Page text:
May 5 (Bloomberg) -- Brent crude fell as market concern over weak demand in China and high stockpiles in the U.S., the two biggest energy consumers, outweighed investor worries that fighting in the Ukraine may disrupt European energy supplies. West Texas Intermediate trimmed gains in New York.
Futures rose as much as 0.3 percent in earlier trading after gaining on May 2 as Ukraine sent armored vehicles and artillery to retake the town of Slovyansk, a stronghold for pro- separatist forces. A final reading of the China Purchasing Managers’ Index from HSBC Holdings Plc and Markit Economics was 48.1 for April, a fourth monthly contraction that missed the median estimate of 48.4 in a Bloomberg News survey of economists.
“U.S. inventories are at highs, and disappointing data from China is adding concern over whether demand is really there,” Ole Hansen, the head of commodity strategy at Saxo Bank A/S in Copenhagen, said today by phone. “That’s bringing the price back down, and the market is really struggling to do anything at the moment. It will take quite a bit more for a lasting rise in the market, given everything else that’s going on.”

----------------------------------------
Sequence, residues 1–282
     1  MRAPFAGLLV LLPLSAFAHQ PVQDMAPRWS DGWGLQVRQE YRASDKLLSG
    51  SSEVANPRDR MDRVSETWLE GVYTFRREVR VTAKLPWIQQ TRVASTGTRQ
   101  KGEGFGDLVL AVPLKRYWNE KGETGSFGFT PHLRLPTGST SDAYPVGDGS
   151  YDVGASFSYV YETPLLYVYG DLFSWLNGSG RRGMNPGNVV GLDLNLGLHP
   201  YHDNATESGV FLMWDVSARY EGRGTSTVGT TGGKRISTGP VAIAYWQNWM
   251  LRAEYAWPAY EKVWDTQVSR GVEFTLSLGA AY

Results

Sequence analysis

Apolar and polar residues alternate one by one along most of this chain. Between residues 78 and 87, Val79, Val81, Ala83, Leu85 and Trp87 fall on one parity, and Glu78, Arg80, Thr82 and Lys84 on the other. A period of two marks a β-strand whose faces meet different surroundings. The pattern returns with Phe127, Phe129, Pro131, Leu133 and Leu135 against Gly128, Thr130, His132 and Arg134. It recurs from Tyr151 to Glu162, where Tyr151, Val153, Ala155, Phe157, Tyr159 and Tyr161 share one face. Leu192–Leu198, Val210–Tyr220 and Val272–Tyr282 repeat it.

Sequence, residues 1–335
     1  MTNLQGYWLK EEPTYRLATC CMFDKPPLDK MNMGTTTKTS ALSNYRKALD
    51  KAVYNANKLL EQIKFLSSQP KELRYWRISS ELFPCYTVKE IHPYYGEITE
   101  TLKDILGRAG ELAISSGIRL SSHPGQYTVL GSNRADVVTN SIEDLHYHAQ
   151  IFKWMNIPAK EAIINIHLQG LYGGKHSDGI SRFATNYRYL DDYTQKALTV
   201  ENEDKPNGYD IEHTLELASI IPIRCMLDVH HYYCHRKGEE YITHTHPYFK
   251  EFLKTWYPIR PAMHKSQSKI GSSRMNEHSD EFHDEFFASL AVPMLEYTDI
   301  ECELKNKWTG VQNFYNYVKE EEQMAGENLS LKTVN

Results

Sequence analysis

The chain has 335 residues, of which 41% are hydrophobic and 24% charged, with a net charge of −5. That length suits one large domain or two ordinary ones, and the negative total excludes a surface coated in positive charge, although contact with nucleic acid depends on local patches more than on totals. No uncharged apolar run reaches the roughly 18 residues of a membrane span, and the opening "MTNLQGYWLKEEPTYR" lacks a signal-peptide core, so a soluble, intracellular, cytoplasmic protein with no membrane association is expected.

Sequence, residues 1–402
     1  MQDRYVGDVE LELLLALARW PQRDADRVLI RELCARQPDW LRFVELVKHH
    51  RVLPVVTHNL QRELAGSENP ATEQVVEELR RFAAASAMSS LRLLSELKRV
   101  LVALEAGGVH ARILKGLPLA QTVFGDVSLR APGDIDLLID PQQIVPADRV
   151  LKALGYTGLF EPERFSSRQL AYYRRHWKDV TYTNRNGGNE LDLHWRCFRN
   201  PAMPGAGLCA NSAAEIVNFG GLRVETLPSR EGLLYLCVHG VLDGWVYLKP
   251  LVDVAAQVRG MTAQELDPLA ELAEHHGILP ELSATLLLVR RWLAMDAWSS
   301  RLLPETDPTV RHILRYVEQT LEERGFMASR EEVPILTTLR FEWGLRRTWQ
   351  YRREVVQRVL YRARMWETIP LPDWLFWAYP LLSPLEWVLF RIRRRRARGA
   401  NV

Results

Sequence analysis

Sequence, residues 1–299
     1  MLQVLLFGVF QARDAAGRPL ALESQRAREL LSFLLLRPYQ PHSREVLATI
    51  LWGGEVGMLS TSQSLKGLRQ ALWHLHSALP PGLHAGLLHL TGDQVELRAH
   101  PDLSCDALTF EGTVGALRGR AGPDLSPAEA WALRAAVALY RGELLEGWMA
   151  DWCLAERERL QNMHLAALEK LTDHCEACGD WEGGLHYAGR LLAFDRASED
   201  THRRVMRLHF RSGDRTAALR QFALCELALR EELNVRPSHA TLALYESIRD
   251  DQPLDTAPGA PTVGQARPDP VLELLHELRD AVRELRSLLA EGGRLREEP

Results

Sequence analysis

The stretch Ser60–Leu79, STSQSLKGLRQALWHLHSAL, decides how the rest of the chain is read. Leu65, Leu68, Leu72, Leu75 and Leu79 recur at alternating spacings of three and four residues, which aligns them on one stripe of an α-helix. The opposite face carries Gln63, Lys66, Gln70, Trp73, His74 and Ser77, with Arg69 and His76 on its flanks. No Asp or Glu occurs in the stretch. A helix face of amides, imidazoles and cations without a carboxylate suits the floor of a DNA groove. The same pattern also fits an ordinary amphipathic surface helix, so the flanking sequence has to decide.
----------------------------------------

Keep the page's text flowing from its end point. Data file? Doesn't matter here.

Brent for June settlement fell as much as 40 cents, or 0.4 percent, and was at $108.32 a barrel on the London-based ICE Futures Europe exchange at 1:04 p.m. local time. The contract climbed 86 cents to $108.98 on April 29. U.K. offices are closed today for a May Day holiday.
WTI for June delivery was up 18 cents, or 0.2 percent, at $99.94 a barrel in electronic trading on the New York Mercantile Exchange, after rising as much 68 cents. The U.S. benchmark crude was at a discount of $8.35 to Brent. The spread narrowed for the first day in five after closing on May 2 at $8.83.